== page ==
[New Thread 0x51e1ab90 (LWP 4592)]
[New Thread 0x52064b90 (LWP 4591)]
[New Thread 0x520e5b90 (LWP 4590)]
[New Thread 0xb7419b90 (LWP 4589)]
Loaded symbols for /lib/libpthread.so.0
Reading symbols from /usr/jdk1.6.0_14/bin/../jre/lib/i386/jli/libjli.so...(no debugging symbols found)...done.
Loaded symbols for /usr/jdk1.6.0_14/bin/../jre/lib/i386/jli/libjli.so
Reading symbols from /lib/libdl.so.2...(no debugging symbols found)...done.
Loaded symbols for /lib/libdl.so.2
Reading symbols from /lib/libc.so.6...(no debugging symbols found)...done.
Loaded symbols for /lib/libc.so.6
Reading symbols from /lib/ld-linux.so.2...(no debugging symbols found)...done.
Loaded symbols for /lib/ld-linux.so.2
Reading symbols from /usr/jdk1.6.0_14/jre/lib/i386/server/libjvm.so...(no debugging symbols found)...done.
Loaded symbols for /usr/jdk1.6.0_14/jre/lib/i386/server/libjvm.so
Reading symbols from /lib/libm.so.6...(no debugging symbols found)...done.
Loaded symbols for /lib/libm.so.6
Reading symbols from /lib/librt.so.1...(no debugging symbols found)...done.
Loaded symbols for /lib/librt.so.1
Reading symbols from /usr/jdk1.6.0_14/jre/lib/i386/libverify.so...(no debugging symbols found)...done.
Loaded symbols for /usr/jdk1.6.0_14/jre/lib/i386/libverify.so
Reading symbols from /usr/jdk1.6.0_14/jre/lib/i386/libjava.so...(no debugging symbols found)...done.
Loaded symbols for /usr/jdk1.6.0_14/jre/lib/i386/libjava.so
Reading symbols from /lib/libnsl.so.1...(no debugging symbols found)...done.
Loaded symbols for /lib/libnsl.so.1
Reading symbols from /usr/jdk1.6.0_14/jre/lib/i386/native_threads/libhpi.so...(no debugging symbols found)...done.
Loaded symbols for /usr/jdk1.6.0_14/jre/lib/i386/native_threads/libhpi.so
Reading symbols from /lib/libnss_files.so.2...(no debugging symbols found)...done.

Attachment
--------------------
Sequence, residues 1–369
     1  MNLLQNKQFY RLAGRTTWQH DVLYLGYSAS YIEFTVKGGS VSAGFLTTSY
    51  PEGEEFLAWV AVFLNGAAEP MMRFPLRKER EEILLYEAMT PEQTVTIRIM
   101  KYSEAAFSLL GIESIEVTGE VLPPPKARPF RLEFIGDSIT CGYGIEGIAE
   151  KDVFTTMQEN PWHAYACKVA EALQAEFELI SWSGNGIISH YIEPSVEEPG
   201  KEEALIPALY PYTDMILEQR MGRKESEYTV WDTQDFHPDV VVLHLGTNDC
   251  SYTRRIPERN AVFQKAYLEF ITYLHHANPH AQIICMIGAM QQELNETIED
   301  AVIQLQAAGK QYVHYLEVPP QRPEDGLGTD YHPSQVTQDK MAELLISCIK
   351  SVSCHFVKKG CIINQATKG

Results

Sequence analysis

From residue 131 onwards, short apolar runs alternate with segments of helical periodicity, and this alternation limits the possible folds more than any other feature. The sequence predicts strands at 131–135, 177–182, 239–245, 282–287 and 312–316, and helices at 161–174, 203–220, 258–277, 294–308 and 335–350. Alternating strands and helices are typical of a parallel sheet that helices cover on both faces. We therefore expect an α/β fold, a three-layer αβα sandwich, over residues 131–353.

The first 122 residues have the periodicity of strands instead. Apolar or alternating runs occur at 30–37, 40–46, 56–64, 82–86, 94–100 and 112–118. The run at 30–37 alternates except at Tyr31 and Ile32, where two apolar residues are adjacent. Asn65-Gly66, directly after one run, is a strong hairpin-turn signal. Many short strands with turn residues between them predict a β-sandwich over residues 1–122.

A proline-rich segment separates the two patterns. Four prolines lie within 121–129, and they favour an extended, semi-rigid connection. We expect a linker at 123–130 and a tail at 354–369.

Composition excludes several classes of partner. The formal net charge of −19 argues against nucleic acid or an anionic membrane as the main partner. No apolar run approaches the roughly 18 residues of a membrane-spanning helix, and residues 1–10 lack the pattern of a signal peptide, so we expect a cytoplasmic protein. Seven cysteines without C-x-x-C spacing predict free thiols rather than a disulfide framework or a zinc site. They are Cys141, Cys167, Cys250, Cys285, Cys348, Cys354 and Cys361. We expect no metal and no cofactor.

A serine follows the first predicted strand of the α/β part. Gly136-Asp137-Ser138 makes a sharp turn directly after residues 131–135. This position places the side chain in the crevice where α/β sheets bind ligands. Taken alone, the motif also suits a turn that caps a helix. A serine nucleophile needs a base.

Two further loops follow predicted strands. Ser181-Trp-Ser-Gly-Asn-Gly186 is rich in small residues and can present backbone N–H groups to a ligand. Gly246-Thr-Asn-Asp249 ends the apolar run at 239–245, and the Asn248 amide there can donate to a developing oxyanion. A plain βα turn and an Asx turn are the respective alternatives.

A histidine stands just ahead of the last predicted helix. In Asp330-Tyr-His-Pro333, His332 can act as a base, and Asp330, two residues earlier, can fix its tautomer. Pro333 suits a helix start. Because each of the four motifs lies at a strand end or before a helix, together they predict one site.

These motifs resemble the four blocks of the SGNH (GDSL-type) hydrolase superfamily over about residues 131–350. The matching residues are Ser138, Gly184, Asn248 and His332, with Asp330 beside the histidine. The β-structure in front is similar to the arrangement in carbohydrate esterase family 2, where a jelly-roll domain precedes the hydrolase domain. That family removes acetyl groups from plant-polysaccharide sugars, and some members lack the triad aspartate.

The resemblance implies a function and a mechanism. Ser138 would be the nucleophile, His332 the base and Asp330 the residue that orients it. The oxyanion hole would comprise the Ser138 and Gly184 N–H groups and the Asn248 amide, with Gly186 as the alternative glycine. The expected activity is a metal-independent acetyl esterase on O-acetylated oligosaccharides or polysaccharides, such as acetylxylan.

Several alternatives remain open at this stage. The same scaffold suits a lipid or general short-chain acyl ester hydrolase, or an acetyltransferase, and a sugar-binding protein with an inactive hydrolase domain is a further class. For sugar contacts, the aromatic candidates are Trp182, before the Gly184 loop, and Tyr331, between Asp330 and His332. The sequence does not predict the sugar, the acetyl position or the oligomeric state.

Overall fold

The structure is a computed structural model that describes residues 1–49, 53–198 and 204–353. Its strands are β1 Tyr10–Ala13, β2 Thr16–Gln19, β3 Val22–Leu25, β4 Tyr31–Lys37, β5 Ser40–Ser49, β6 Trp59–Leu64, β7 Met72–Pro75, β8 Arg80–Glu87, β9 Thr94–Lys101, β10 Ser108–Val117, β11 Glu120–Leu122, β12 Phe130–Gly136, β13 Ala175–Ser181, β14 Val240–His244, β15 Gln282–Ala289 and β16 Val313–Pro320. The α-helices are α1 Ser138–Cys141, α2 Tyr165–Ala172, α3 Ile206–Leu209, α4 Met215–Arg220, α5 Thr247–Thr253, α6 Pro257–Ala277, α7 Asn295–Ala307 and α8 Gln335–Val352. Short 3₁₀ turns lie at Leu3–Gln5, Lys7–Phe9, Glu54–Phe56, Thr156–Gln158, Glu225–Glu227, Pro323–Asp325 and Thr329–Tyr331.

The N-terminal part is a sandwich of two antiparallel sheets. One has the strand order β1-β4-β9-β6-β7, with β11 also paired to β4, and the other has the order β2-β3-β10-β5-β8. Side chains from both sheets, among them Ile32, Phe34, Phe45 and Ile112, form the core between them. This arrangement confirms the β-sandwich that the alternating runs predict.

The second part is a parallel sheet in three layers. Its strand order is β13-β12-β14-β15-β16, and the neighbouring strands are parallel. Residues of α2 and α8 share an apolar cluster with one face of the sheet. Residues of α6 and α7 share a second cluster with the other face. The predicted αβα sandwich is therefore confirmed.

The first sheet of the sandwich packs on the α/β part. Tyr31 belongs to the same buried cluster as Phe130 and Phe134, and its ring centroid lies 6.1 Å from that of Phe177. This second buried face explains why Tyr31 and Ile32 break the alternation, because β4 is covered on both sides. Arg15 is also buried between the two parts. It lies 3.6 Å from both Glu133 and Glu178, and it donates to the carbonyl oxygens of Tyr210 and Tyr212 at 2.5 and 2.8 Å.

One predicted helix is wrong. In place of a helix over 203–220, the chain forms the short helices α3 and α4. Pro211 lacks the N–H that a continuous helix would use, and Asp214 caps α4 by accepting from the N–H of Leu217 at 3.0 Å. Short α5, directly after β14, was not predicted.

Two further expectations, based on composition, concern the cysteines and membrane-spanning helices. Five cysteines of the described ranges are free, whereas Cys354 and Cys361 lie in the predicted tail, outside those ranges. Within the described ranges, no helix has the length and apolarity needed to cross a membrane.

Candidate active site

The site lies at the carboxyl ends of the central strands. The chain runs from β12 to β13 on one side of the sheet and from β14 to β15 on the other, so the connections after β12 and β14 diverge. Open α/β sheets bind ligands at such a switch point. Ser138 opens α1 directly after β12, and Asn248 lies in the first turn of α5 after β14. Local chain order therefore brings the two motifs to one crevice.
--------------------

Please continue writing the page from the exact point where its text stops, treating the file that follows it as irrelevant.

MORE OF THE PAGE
Loaded symbols for /lib/libnss_files.so.2
Reading symbols from /usr/jdk1.6.0_14/jre/lib/i386/libzip.so...(no debugging symbols found)...done.
Loaded symbols for /usr/jdk1.6.0_14/jre/lib/i386/libzip.so
0xb7f72402 in __kernel_vsyscall ()
(gdb) gcore
Saved corefile core.4588
(gdb) detach
Detaching from program: /usr/jdk1.6.0_14/bin/java, process 4588
(gdb) quit

The last 3 commands are basically important ,
Gcore : generated the Core file
Detach : detaches the gdb from process ID 4588
Quit : quit

Now we can see that the core file Is generated like
[root@vx111a ~]# file core.4588
core.4588: ELF 32-bit LSB core file Intel 80386, version 1 (SYSV), SVR4-style, from 'java'

There is another way to generate the Core file using
[root@vx111a ~]# kill -SIGABRT 4705


Now we need to create a heap dump from this core file usimg “jmap” like

jmap -heap:format=b JAVA_HOME/bin/java COREFILE > heap.hprof 2>&1

Now we can perform many other function on this core file like

To get Thread Dumps information
[root@vx111a ~]# /usr/jdk1.6.0_14/bin/jstack  /usr/jdk1.6.0_14/bin/java core.4588
Attaching to core core.4588 from executable /usr/jdk1.6.0_14/bin/java, please wait...
Debugger attached successfully.
Server compiler detected.
JVM version is 14.0-b16
Deadlock Detection:

No deadlocks found.

Thread 4595: (state = BLOCKED)

Thread 4594: (state = BLOCKED)
 - java.lang.Object.wait(long) @bci=0 (Interpreted frame)
 - java.lang.ref.ReferenceQueue.remove(long) @bci=44, line=118 (Interpreted frame)
 - java.lang.ref.ReferenceQueue.remove() @bci=2, line=134 (Interpreted frame)
 - java.lang.ref.Finalizer$FinalizerThread.run() @bci=3, line=159 (Interpreted frame)


Thread 4593: (state = BLOCKED)
 - java.lang.Object.wait(long) @bci=0 (Interpreted frame)
 - java.lang.Object.wait() @bci=2, line=485 (Interpreted frame)
 - java.lang.ref.Reference$ReferenceHandler.run() @bci=46, line=116 (Interpreted frame)